I’m sorry this information is upsetting to you. Our article is exclusively about ducks, not humans, and interspecific translations are generally inadvisable between species as different as ours. If you have a better biological explanation than the one provided as to why one of our female ducks who suffered ovarian damage soon began to take on the secondary sex characteristics of a male/drake when her body stopped producing female hormones, you’re welcome to share it here. Was this a transexual “lifestyle” choice for our duck? The abandonment of previous generations’ duck values?          

      When descriptions of real world biological phenomena make you angry enough to leave a comment like this, perhaps it’s best not to lash out and instead reflect on deficiencies within your own understanding. (We all have such deficiencies, but we don’t have to maintain them in the face of new information.) After all, biological facts have no obligation to comport to anyone’s belief system, but we each should continuously mold our belief systems to comport with biological facts.   
      Lastly, I’m not gay (nor do I consider that to be an insult), but the term “gay lifestyle” is about as absurd as the term “heterosexual lifestyle.” What’s the operational definition of a gay lifestyle anyway?

  • Reply
    None your business
    April 17, 2022 at 7:50 pm

    Does nobody else read this as nothing more than a WOKE article – there is really a difference between sex and gender? Are there two brain cells working together here? What morans…

    • Reply
      Aaron von Frank
      April 18, 2022 at 12:00 pm

      Our ducks are politically agnostic, as are we. We don’t generally subscribe to or care much about the various peculiarities of right-left American political binaries, which seem to be getting ever more extreme and inhospitable to other perspectives. Our primary allegiance is to what constitutes measurable, observable reality.

      In this case, we’ve described our experience with a duck in our flock who is exhibiting the secondary sex features of a male despite being (most likely) genetically and chromosomally female. We’ve also offered a best guess hypothesis and supporting evidence for what might be causing this outcome (which is far from unique based on our conversations with other people who raise poultry). If this information is offensive or triggering to you, then you might: a) ask yourself why that is, and b) consider what would then cause you to decide that the best next course of action is to lash out with animus rather than attempting to further the conversation with level-headed counterfactuals or additional data.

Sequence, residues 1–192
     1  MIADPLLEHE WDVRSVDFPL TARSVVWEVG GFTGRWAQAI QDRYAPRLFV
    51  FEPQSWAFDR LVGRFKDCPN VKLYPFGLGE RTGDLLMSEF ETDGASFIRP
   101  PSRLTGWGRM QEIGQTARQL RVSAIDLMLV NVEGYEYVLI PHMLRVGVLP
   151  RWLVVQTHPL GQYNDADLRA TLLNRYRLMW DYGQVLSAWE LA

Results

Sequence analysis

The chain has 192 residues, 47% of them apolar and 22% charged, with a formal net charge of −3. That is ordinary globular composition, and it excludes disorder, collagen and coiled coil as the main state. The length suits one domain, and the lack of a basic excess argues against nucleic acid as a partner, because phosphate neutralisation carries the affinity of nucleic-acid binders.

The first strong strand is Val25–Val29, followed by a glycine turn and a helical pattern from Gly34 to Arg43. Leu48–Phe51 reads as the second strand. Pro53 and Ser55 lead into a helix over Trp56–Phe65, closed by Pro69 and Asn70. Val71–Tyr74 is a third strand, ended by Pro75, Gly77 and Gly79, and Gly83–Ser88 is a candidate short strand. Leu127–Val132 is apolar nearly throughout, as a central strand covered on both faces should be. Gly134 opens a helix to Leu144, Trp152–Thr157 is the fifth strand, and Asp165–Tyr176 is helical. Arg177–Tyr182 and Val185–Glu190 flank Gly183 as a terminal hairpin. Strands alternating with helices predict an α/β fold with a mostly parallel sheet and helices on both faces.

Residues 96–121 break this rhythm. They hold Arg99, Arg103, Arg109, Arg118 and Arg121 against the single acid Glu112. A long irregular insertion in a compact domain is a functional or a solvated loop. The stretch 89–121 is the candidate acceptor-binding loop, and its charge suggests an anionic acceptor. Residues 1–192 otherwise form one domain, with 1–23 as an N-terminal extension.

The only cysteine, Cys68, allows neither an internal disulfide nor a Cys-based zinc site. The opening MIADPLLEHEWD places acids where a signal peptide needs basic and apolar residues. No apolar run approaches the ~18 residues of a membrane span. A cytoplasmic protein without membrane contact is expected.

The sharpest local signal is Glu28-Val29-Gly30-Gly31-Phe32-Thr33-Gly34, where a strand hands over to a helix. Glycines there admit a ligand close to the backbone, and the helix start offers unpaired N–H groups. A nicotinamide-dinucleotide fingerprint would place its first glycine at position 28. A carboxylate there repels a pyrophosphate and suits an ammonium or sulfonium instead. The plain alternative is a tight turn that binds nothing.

As for the differences between gender and sex, this is not simply our interpretation. For example, the American Medical Association (AMA) states: 
      “… the terms sex and gender are not synonyms. Sex refers to the biological differences between males and females. Gender refers to the continuum of complex psychosocial self-perceptions, attitudes, and expectations people have about members of both sexes. Even the terms male and female, man and woman are not interchangeable. What it means to be male or female originates from physical characteristics derived from sex chromosomes and genes that lead to certain gonads, internal and external genitalia, and physiological hormones. Being a man or a woman holds broader meaning, with cultural concepts of masculinity and femininity coming into play.”
      Obviously, humans and ducks are different species so a duck’s notion of gender is not directly analogous to a human’s notion of gender given the comparable robustness of our mental circuitry and linguistic capacities. Nature is odd, interesting, and imperfect. Humans and ducks can be born with unambiguous genitalia, hermaphroditic, with odd chromosomal pairings, etc. If discussing or describing these realities makes someone uncomfortable, that discomfort might best be understood as an intellectual deficiency of the discomforted rather than the absence of brain cells of those bringing the information to light in order to further our collective understanding. 

      Also, it’s hard to resist pointing out that “morons” isn’t spelled “morans.” Typically, I wouldn’t point out such errors, but in this case it’s hard to resist the temptation.